In order to cushion the economic repercussions of the pandemic the Czech government launched a large stimulus package in 2020, including wage subsidies for employers, a lowering of the VAT rate, tax waivers and tax deferrals, and loan guarantees. Together with lower tax revenues, this led to a fiscal deficit of 6.5% of GDP in 2020. In 2021, the deficit is expected to widen to about 8%, as several pandemic support programmes and major tax cuts have been extended. In 2022, the deficit is set to narrow to about 4% of GDP as pandemic spending will ease, and fiscal tightening should
begin in 2023.
Public debt is expected to increase to about 43% of GDP in 2021, up from the low annual levels of about 30% of GDP recorded before the pandemic. However, Czech public debt is still relatively low compared to other EU countries, remaining well below 50% of GDP. It also remains manageable in terms of government revenues. Nonresidents hold almost 50% of public debt, while less than 10% is denominated in foreign currency. Public debt is expected to remain rather resilient against interest rate and exchange rate shocks.
Czech banking sector remains robust
The Czech banking sector has gained a relatively strong position over the past couple of years, which has helped to sustain its resilience during the pandemic. The risk of asset-quality deteriorations has decreased, due to the ongoing economic recovery and additional government fiscal stimulus. Tier 1 capital ratio is
high at 21.4%, and more than a quarter of banks’ assets are liquid. However, profitability remains subdued due to the still low interest rates. While non-performing loans have increased since Q4 of 2020 after the expiry of a loan moratorium, with 3% of total loans they remain low.
Performance upgrades for some main industries
Due to the ongoing economic rebound, the business performance/credit risk situation of machines, metals, services, steel, and textiles has been recently upgraded from “Poor” to “Fair” (see chart above). The machinery sector is forecast to grow by more than 6% this year, due to the recovery of domestic industrial production and higher demand from abroad. For steel and metal businesses orders and sales have rebounded, and producers currently benefit from higher sales prices due to increased demand and shortages of steel and metals products. Czech metals output is expected to increase by 10% in 202, after an 8% contraction last year. The service sector benefits from the lifting of lockdown measures, and is set to grow 1% in 2021 and 3.5% in 2022.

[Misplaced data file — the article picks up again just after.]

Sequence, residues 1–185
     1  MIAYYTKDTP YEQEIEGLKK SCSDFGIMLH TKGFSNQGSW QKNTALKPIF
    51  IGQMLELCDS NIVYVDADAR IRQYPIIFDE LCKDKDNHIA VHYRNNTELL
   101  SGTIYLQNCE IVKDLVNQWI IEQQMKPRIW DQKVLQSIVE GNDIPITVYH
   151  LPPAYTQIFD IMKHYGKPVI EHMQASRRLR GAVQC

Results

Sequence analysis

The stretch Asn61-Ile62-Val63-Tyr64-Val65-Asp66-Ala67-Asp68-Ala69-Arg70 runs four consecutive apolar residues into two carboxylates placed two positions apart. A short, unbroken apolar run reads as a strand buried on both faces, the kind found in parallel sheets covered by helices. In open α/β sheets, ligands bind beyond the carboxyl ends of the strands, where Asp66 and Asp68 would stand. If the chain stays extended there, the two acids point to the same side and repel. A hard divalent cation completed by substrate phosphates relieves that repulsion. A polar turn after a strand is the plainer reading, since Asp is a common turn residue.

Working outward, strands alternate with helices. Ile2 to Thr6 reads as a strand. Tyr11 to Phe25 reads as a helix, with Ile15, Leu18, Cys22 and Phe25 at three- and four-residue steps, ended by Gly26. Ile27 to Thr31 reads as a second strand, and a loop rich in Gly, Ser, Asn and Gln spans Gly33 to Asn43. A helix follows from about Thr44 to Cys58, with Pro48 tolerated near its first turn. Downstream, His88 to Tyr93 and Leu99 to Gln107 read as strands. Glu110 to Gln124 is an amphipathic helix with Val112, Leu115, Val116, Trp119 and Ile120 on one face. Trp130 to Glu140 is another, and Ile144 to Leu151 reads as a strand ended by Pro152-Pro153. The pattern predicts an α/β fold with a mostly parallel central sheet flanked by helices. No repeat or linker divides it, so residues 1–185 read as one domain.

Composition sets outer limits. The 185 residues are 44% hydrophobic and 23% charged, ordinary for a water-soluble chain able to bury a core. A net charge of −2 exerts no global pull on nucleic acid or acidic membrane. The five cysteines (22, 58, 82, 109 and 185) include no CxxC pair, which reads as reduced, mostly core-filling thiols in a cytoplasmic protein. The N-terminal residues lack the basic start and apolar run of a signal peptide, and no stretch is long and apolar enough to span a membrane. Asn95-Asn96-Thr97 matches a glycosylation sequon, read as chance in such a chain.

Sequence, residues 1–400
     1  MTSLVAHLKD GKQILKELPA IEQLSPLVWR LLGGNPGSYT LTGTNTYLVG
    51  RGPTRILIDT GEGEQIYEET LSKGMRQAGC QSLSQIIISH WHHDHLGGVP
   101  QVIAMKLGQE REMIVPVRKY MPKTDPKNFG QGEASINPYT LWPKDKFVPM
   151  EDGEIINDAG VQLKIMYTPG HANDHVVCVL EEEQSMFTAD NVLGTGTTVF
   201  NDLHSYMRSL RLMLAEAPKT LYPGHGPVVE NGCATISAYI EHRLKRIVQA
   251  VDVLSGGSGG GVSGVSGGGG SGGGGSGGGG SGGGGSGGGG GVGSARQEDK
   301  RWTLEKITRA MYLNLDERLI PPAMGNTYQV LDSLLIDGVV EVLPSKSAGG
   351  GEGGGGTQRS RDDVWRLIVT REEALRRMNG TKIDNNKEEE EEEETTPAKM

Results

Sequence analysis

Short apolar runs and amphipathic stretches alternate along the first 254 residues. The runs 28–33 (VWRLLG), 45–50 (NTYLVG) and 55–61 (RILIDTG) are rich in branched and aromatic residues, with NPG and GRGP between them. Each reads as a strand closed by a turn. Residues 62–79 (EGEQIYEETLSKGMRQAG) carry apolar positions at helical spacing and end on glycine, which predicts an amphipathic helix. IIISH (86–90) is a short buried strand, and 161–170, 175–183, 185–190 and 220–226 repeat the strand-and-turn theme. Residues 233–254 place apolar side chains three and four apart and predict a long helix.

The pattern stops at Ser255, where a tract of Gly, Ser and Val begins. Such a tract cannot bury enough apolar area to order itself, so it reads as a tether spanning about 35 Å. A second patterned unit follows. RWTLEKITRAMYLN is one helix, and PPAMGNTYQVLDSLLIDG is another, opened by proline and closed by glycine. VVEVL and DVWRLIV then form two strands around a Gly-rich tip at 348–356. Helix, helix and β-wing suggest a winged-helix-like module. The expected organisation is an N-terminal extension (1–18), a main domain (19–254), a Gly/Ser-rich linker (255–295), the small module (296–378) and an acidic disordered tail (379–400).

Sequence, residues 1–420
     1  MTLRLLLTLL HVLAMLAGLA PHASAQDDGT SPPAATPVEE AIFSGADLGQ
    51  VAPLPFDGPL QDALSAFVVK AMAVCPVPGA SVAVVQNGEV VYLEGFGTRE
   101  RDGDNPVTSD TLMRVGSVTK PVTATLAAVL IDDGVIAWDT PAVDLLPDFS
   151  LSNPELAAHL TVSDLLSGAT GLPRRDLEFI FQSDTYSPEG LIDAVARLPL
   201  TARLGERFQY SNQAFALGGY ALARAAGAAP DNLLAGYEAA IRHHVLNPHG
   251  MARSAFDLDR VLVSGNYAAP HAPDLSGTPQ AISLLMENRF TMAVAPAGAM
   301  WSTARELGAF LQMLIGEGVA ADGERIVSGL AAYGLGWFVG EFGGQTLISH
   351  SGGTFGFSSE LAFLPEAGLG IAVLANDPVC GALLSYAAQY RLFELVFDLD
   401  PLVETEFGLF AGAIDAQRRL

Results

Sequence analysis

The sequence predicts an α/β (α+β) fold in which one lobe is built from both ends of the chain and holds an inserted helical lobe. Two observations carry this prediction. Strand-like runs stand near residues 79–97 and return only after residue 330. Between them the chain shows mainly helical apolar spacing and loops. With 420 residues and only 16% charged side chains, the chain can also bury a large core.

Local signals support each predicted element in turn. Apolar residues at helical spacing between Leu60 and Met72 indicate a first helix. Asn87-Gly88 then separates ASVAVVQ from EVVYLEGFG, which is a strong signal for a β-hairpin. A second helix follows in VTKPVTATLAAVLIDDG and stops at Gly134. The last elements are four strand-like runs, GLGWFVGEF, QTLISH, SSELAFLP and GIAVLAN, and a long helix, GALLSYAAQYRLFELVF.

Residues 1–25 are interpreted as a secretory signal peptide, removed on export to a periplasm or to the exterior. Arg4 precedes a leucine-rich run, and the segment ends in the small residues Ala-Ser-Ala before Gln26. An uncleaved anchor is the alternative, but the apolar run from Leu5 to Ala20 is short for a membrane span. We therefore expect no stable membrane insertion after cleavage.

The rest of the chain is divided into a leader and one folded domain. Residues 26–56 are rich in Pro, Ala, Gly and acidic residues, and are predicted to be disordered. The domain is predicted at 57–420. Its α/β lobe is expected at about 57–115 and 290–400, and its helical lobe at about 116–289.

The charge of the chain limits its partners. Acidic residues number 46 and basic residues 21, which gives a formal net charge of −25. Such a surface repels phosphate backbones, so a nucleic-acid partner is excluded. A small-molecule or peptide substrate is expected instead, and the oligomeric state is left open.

However, the performance of some main sector remains subdued. In the construction sector, businesses have been affected by postponement of
projects and reduced order volumes during the recession. Czech construction output is forecast to rebound by only 1% this year, after a 3.5% contraction in 2020.
While Czech automotive industry output is expected to increase by 11% in 2021 after a 12% decline last year, sector performance is currently hampered by semiconductor shortages and higher input prices. Margins of suppliers were already under pressure before the coronavirus outbreak, due to disappointing sales in 2019 and increased investment intended to cope with the shift away from combustion engines towards e-mobility. While the number of Czech business insolvencies is still low compared to the prepandemic period, an increase in the coming months cannot be ruled out. Mainly exposed are businesses that struggle with increasing costs for material/commodities, labour and energy.
The recovery is gaining momentum in 2022
Czech Republic GDP growth is forecast to accelerate to about 4.5% in 2022, contingent on a containment of the pandemic and further vaccine rollout. Economic activity is expected to reach its pre-pandemic levels early next year, with domestic demand mainly contributing to growth. Private consumption is forecast to increase by more than 6% next year, driven by pent-up demand
and further decreasing unemployment. Real fixed investment is estimated to grow by more than 8%, while exports and industrial production will expand by about 3% each. Inflation will decelerate to 2.1% in 2022, as supply side challenges ease and the koruna appreciates in line with the economic recovery.